- Cape Town emergency crews are on high alert as gale-force winds are expected.
- The SA Weather Service has issued a warning for most of the province.
- The Garden Route saw heavy rain and localised flooding earlier this week.
Cape Town emergency crews are on high alert as gale-force winds are expected to hit the Peninsula on Thursday.
The City of Cape Town's Disaster Risk Management Centre said it was expecting "damaging winds over the next few days" following a warning issued by the SA Weather Service (SAWS).
The SAWS issued a yellow warning for the Western Cape, with strong winds expected to bring disruption to coastal areas.
The strong winds are likely to cause localised disruptions in small harbours or ports, with small vessels having difficulty with navigation at sea, as well as being at risk of taking on water and capsizing. The SAWS has recommended that all small vessels seek shelter in harbours, bays or inlets.
"An intense weather system will result in strong to gale-force south-east to easterly winds (60 to 70km/h, gusting to 80 to 100km/h) between Saldanha Bay and Plettenberg Bay from Thursday afternoon until Saturday," the SAWS said in a statement.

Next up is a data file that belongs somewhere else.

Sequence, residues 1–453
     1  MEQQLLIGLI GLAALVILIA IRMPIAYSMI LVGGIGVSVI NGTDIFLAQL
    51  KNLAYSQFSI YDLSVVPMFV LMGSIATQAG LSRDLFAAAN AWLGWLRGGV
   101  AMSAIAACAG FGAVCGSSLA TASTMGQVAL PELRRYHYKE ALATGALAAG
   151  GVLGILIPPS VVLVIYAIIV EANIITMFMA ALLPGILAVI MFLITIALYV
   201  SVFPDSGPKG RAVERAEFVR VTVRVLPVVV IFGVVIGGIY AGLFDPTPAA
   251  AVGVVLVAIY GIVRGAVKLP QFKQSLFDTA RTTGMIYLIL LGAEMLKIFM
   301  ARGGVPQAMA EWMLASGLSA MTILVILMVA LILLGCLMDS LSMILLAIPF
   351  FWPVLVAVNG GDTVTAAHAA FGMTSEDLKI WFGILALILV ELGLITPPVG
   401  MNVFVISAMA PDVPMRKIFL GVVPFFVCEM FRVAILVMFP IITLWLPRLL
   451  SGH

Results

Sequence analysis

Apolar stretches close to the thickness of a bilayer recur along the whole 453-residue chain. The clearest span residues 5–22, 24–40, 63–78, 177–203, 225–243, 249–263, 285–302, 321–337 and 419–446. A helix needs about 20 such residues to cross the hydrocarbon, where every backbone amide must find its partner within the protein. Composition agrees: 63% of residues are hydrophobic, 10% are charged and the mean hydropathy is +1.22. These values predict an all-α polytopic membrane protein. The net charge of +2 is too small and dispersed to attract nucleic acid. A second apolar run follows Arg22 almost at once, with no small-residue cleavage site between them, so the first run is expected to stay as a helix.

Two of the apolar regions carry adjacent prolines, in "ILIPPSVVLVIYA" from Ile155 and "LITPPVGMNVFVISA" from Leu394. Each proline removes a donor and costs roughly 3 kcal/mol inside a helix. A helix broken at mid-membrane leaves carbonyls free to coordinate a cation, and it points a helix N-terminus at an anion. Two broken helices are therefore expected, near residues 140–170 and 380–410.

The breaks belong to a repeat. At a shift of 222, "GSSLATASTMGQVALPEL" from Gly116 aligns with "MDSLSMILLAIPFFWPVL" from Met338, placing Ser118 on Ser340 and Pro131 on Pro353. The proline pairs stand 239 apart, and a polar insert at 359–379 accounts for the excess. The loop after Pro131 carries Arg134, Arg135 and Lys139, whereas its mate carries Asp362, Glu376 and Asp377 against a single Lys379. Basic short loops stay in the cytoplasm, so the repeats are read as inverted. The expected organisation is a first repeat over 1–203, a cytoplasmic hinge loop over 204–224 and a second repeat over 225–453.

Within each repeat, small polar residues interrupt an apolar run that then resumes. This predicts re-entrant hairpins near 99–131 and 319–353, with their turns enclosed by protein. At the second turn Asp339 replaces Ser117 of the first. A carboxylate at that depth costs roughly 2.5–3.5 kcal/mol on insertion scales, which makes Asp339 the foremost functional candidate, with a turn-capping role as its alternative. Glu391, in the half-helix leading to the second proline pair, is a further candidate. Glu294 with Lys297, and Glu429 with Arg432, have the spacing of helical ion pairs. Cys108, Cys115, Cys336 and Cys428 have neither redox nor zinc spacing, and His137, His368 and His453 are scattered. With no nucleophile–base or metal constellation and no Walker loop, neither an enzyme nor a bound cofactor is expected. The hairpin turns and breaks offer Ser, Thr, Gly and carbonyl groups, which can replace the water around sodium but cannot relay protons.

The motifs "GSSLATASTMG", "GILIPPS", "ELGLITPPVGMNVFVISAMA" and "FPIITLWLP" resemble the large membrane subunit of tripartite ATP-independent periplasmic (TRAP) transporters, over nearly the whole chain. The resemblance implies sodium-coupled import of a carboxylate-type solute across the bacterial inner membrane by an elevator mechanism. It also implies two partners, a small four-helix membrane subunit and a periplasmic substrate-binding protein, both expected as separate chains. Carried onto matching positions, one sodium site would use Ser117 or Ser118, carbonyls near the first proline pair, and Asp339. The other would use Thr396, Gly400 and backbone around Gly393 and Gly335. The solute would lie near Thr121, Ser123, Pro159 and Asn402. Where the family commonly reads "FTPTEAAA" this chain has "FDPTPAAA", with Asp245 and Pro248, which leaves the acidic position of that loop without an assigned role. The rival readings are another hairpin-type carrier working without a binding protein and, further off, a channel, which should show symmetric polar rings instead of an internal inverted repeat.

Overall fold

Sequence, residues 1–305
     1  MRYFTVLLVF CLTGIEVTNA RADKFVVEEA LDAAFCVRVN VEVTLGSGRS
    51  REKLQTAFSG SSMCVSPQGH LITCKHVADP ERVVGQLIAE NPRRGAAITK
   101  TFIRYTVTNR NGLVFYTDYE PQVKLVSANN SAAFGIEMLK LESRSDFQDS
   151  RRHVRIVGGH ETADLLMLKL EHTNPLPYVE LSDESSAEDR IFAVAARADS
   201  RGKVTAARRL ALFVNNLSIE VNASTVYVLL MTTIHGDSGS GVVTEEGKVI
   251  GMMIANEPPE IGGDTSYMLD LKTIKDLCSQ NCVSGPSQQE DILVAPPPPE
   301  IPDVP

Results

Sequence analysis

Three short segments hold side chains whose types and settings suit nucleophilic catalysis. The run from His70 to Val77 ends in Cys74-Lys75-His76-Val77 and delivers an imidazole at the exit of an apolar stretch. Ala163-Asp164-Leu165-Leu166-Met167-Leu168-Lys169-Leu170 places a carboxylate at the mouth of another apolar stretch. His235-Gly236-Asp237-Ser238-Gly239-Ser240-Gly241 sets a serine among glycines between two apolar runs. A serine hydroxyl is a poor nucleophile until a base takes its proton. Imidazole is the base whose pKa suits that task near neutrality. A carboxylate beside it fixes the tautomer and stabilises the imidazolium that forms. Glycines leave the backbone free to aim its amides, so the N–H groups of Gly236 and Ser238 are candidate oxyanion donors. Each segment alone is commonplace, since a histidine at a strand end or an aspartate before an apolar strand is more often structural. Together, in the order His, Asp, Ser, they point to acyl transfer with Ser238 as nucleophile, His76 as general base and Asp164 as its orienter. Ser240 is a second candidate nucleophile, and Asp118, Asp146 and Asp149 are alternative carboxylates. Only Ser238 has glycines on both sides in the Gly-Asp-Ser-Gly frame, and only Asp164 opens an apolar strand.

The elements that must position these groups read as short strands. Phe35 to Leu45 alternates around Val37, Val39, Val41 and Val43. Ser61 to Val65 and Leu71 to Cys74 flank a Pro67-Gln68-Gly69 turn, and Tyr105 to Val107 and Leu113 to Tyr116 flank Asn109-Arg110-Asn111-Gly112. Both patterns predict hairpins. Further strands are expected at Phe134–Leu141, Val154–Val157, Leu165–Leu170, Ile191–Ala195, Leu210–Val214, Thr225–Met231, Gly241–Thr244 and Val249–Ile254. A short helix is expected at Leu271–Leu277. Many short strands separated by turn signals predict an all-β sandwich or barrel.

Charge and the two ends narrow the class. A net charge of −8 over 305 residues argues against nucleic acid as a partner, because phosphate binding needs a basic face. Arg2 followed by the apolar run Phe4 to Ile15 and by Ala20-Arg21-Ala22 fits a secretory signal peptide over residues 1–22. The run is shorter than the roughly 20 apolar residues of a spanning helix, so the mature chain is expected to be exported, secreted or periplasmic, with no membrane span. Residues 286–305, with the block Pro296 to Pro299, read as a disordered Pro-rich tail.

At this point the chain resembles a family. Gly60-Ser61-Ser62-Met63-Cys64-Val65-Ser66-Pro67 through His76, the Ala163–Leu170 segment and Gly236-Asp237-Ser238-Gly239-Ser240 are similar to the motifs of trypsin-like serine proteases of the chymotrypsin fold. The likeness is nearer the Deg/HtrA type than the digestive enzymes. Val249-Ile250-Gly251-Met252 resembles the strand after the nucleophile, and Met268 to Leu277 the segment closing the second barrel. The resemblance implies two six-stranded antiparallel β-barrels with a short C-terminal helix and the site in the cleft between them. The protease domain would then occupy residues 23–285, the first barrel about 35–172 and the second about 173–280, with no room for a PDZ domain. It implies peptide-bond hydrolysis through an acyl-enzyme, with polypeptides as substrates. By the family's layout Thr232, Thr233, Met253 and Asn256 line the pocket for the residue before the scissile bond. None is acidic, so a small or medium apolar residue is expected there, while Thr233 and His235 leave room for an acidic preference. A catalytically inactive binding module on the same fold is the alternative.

"Over the interior, strong to gale-force north-easterly winds will affect the eastern Namakwa District in the Northern Cape and Western Cape, spreading to the Garden Route by Friday," it said.
For coastal towns, there was a risk of widespread damage to informal and formal settlements as well as structural damage.
The warning included the Garden Route, which was beset by heavy rains and localised flooding earlier this week.
The flooding, which was at its worse in George and surrounding areas, saw some schools closed and municipal services halted, as road closures were effected.
"The City's services are on standby to deal with any impacts related to the predicted weather warning. Any weather-related emergencies can be directed to the City's Public Emergency Communication Centre by dialling 021 480 7700 from a cellphone, or 107 from a landline," City of Cape Disaster Risk Management spokesperson Charlotte Powell said.